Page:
Motion graphics magic
Nanyang poly students all fired up over their National Day Parade contribution, which will accompany the performances
When you watch this year's National Day Parade (NDP), do not focus on just the performances.
Look at the front of the raised stage and you will see animated graphics accompanying each act.
These motion graphics were the laborious undertaking of 17 students from the Motion Graphics & Broadcast Design (MGBD) course in Nanyang Polytechnic.
The students, who worked on NDP as part of their final-year project, were split into two teams, which spent three months each brainstorming and designing visuals like a bamboo forest, fire whips, and wayang kulit (shadow puppets).
Their work will be displayed for about 14 minutes - during Act 1: Badang and the Singapore Stone, and Act 2: Our Four Civilisations.
Ms Patey Ng, 20, one of the Year 3 students in the production team, was overjoyed when she was first told she would be designing motion graphics for NDP.
Ms Ng said: "It is a once in a lifetime opportunity. I felt really honoured and privileged, but most of all, I was excited to begin working on it."
For the first three months, the pre-production team sourced for reference materials and came up with storyboards to help them visualise the ideas.
These storyboards were designed in style frames before being modelled in computer applications such as Cinema 4D and 3ds Max.
The production team took over the project for the remaining three months to improve on the graphics that the pre-production team did.
Another big challenge was remodelling and changing the graphics for Act 1 because the initial version did not match the client's expectations.
Ms Ng said: "Although it was physically draining, we reminded ourselves that the final results would make it all worth it."
And it did.
She said: "The first time we went for a technical test at the Singapore National Stadium, we finally got to see our motion graphics animation on the fascias. The client told us we did a good job and I've never felt so relieved."
The poly's School of Interactive & Digital Media has been working with various NDP committees since 2011.
The supervisor for the project, Mr Stephen Lim, a senior lecturer for MGBD at the poly, told The New Paper that the experience has been invaluable for each batch.
Mr Lim said: "Every year, there are new challenges. With every change in venue, there will be new stage layouts and different screen dimensions to work with.
"As lecturers, it is important to remember that for each batch of students, these challenges give them an exciting new experience, especially given the project's scale."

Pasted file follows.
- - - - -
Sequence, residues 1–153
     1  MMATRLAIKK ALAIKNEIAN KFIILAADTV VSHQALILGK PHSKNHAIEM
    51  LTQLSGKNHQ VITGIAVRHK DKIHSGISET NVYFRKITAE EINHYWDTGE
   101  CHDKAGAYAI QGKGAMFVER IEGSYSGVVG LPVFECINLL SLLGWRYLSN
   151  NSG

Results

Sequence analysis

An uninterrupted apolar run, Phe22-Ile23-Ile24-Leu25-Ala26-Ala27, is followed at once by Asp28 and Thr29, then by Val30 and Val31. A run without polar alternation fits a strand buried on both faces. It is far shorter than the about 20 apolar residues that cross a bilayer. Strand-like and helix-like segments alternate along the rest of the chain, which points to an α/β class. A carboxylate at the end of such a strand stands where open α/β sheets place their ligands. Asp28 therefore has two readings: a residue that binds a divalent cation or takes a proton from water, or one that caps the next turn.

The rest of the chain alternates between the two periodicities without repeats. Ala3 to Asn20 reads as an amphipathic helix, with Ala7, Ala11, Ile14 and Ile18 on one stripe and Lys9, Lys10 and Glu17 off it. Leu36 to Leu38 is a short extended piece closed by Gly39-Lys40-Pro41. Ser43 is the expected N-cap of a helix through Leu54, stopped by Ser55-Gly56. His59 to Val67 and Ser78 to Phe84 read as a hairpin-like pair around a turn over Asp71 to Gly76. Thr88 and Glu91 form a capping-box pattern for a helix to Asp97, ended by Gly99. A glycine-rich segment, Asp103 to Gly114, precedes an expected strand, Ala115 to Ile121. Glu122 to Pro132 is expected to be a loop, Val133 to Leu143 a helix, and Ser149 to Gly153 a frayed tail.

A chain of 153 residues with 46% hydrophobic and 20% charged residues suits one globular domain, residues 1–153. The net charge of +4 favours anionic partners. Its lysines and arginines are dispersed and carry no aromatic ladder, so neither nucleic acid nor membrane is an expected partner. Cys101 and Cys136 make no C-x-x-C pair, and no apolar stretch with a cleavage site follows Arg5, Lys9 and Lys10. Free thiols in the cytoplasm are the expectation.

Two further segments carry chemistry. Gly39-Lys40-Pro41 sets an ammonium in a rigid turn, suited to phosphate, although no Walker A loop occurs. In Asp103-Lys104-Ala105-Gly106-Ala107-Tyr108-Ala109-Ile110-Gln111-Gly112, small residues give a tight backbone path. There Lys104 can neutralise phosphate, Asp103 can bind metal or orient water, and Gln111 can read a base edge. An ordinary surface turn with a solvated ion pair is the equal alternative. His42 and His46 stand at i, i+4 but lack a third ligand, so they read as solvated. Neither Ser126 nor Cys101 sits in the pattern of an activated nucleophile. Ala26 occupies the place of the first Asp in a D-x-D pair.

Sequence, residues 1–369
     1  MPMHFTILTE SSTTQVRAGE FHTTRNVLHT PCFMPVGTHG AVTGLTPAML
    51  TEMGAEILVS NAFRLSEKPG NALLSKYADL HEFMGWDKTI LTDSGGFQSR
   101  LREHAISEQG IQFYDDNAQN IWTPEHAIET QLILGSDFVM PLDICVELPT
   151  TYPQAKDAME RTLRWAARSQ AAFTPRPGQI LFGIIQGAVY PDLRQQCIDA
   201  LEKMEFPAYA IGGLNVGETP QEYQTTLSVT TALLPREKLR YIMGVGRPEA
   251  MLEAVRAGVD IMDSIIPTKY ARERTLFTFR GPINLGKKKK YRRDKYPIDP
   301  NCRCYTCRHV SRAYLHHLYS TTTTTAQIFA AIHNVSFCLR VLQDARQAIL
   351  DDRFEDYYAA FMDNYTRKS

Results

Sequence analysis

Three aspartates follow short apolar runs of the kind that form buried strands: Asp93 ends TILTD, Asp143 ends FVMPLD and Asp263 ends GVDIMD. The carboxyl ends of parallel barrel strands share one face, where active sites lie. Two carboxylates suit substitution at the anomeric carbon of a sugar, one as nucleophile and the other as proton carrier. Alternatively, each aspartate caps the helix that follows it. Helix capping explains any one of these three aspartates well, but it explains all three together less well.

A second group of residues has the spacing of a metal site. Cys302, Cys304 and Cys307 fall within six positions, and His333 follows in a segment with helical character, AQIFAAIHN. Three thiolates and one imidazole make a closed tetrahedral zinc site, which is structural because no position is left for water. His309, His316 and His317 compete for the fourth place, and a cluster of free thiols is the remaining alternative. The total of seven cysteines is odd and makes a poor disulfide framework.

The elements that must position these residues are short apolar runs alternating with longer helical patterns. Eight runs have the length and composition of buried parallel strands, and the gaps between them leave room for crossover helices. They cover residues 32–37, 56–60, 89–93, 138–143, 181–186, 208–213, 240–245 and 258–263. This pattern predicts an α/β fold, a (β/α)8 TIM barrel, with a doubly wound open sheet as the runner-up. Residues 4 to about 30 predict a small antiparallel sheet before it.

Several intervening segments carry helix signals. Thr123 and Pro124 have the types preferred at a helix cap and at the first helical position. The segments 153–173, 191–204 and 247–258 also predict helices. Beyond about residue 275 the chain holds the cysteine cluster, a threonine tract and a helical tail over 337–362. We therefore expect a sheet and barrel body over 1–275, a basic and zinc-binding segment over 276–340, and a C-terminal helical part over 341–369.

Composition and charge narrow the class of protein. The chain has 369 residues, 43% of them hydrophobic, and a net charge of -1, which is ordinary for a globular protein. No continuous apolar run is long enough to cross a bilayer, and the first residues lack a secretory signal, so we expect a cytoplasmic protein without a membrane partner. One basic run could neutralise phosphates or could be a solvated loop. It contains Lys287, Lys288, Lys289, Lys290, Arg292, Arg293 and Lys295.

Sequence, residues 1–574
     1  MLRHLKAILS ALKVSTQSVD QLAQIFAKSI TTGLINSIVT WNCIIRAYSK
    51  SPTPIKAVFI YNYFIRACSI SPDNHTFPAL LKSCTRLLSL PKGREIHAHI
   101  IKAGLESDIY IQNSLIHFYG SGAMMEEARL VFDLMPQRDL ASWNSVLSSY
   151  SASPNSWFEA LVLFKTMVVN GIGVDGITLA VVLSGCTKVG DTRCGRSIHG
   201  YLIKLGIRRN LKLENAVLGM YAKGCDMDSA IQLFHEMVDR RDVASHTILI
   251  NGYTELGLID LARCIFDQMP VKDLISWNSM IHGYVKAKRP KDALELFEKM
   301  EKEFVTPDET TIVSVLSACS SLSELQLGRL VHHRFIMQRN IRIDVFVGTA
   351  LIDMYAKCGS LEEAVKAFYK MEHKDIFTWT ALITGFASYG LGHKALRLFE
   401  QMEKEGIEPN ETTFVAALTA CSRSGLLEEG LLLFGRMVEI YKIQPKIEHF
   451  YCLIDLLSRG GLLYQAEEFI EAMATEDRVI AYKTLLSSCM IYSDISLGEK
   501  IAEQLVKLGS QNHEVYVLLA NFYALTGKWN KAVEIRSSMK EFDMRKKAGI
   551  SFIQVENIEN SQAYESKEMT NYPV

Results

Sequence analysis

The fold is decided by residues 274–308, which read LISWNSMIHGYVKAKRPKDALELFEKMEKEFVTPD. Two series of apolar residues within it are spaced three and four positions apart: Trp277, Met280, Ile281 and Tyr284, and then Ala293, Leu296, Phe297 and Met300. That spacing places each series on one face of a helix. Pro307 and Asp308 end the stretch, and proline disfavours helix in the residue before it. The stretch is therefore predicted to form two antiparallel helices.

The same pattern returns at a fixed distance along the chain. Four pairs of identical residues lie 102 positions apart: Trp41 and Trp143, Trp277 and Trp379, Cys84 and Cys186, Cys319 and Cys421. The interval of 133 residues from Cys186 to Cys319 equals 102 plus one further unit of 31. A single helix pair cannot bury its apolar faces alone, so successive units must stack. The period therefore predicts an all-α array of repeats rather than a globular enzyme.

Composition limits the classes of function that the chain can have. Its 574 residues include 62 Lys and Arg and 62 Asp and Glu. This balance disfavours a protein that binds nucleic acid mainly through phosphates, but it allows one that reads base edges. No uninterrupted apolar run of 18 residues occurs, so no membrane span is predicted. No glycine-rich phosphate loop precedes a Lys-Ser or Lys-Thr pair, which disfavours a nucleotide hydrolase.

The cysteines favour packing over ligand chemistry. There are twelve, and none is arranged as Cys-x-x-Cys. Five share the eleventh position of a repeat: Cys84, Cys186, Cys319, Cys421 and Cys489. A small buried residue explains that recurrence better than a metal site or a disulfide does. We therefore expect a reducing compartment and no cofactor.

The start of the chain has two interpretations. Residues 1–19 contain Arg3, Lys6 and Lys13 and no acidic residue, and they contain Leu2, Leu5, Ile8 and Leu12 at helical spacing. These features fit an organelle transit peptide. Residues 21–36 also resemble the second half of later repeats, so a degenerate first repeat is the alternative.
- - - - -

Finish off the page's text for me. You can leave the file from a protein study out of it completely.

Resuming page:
FIVE HIGHLIGHTS OF NDP2016
1. Indoor and outdoor fireworks
Fireworks are always exciting to watch and this year, the National Day Parade (NDP) crowd will be treated to an indoor fireworks display for the first time.
The ones used for this year's NDP will be five times the scale of the SEA Games last year. The fireworks display, along with lasers, flame and lighting projections, will be showcased for about two minutes during the Finale.
2. Aerialist performance
Twenty aerialists from the Singapore Armed Forces Music and Drama Company will be dancing while suspended at heights of between 5m and 13m from the ground.
None of them had any prior experience as aerialists.
Catch their stunning performance in Act 4 and 5.
3. Aerial-and-automated unicorn
A moving unicorn will be one of the props in this year's parade.
The inspiration for this display was drawn from remarks by Prime Minister Lee Hsien Loong last year, when he called Singapore a unicorn - one of a kind, a special animal, no other in the world.
The unicorn will grace the stadium in Act 3.
4. More inclusive
In Act 6, 150 special needs participants from seven voluntary welfare organisations will be leading the 55,000-strong audience to sing the song Home.
Four hundred and twenty participants from the Singapore Soka Association will also be changing the colours of their skirt-like props to recreate five hand-painted images done by students from Touch Community Services.
5. Act 1: Badang and the Singapore Stone
While this local legend may not be very well-known, Badang displayed traits - strength, agility and resilience - that allowed the nation to weather hardships through the years.
Look out for the explosive battle between Badang (played by Rizman Putra Ahman Ali) and participants from Martial House, Dance Inspiration, Singapore Silat Federation and the Singapore Armed Forces, who represent the warriors.